Ecologists Slam Nuclear Power Plant

Wednesday, November 5, 2008

As work started on LAES-2, a complex of six power station units with VVER-1200 reactors that is due to complement the existing four 4 RBMK-1000 units of Leningrad Nuclear Power Station (LAES), environmentalists began a protest campaign against what they call an illegitimate and potentially hazardous construction.

The project’s estimated cost is $10 billion.

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10,000 Tons Of Waste Headed for City

Tuesday, October 7, 2008

Up to 10,000 tons of depleted uranium hexafluoride are expected to travel through St. Petersburg in the next six months, according to the local branch of the international environmental pressure group Bellona. The next cargo is expected to arrive in town in early October.

Arriving by sea, the radioactive material will then be sent by rail to the town of Novouralsk in Siberia for reprocessing and storage. Most of the cargo arrives in Russia from the Netherlands and Germany but Russia has signed contracts with India, Pakistan and China — states that are rapidly bolstering their nuclear programs — and looks set to receive even more spent nuclear fuel and uranium hexafluoride for reprocessing.

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”Murmansk” wreckage is radioactive

Friday, August 1, 2008

The wreckage of the old Russian cruiser “Murmansk” has been stranded outside to coast of Finnmark in northern Norway for 15 years. Recent investigation has revealed that there is radioactive substances inside the ship.

Norwegian newspaper Aftenposten printed the story about radioactive “Murmansk” last Friday, and it has led to a massive national media attention in Norway on the environmental hazard it seems to represent.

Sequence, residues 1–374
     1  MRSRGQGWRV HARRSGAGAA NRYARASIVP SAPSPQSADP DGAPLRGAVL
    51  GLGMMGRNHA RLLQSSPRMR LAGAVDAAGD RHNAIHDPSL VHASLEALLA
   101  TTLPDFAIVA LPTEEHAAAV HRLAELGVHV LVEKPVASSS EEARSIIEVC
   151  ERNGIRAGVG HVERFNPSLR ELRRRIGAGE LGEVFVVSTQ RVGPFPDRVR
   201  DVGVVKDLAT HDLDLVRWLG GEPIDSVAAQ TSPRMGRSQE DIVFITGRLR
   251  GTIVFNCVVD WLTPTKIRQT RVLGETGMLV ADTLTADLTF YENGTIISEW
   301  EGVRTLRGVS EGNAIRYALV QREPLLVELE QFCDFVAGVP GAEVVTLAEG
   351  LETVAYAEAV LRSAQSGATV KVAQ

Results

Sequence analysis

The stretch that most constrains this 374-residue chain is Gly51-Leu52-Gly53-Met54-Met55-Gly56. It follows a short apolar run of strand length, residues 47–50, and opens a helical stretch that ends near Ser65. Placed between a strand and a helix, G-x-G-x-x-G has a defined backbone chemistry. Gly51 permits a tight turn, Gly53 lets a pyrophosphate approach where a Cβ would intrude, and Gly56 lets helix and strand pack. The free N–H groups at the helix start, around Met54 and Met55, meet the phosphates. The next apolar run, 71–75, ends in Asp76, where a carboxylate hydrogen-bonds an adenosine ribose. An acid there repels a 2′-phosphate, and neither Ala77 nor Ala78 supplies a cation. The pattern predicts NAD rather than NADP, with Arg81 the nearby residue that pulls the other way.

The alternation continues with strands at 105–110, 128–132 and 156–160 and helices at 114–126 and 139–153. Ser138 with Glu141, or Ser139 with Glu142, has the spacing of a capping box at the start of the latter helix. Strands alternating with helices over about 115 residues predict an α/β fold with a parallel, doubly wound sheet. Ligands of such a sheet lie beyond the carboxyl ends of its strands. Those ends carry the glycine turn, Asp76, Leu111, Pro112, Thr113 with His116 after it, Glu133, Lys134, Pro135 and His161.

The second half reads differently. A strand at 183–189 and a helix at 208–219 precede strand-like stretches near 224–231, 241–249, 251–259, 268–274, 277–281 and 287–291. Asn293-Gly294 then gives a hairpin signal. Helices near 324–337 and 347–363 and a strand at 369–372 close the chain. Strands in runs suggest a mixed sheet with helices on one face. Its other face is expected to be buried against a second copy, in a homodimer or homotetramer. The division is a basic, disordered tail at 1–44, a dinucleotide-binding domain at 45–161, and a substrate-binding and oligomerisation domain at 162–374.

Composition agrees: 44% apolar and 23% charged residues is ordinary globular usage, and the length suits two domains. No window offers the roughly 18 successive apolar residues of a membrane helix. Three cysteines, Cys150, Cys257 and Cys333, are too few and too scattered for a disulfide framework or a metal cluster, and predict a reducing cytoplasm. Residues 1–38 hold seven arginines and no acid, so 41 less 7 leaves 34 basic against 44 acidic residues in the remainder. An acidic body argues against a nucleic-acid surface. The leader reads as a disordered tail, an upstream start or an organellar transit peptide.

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Fears Of Radiation Leak Grip Region

Thursday, May 22, 2008

Panic gripped many in the city Wednesday after rumors spread that a serious accident had happened at the Leningrad Nuclear Power Station (LAES) in Sosnovy Bor, a town 70 kilometers west of St. Petersburg.

The power station operates four Chernobyl-type reactors and has a history of minor accidents.

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Analysis: Storage needs for nuclear growth

Wednesday, May 7, 2008

HANOVER, Germany, May 6 (UPI) -- Expanding nuclear power to meet growing energy demand worldwide may be hindered by the lack of repositories for spent nuclear fuel, but planned national underground repositories in some countries and interim storage options could sustain nuclear energy's rapid growth in the short term.

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Nulear power for Shtokman?

Wednesday, December 5, 2007

08:50 - 03 December 2007
Norwegian environmental group Bellona fears that Gazprom will use nuclear power to provide electricity to the huge Shtokman gas-field project.

The NGO has sought action by Norway's foreign ministry to prevent Gazprom taking the nuclear route.

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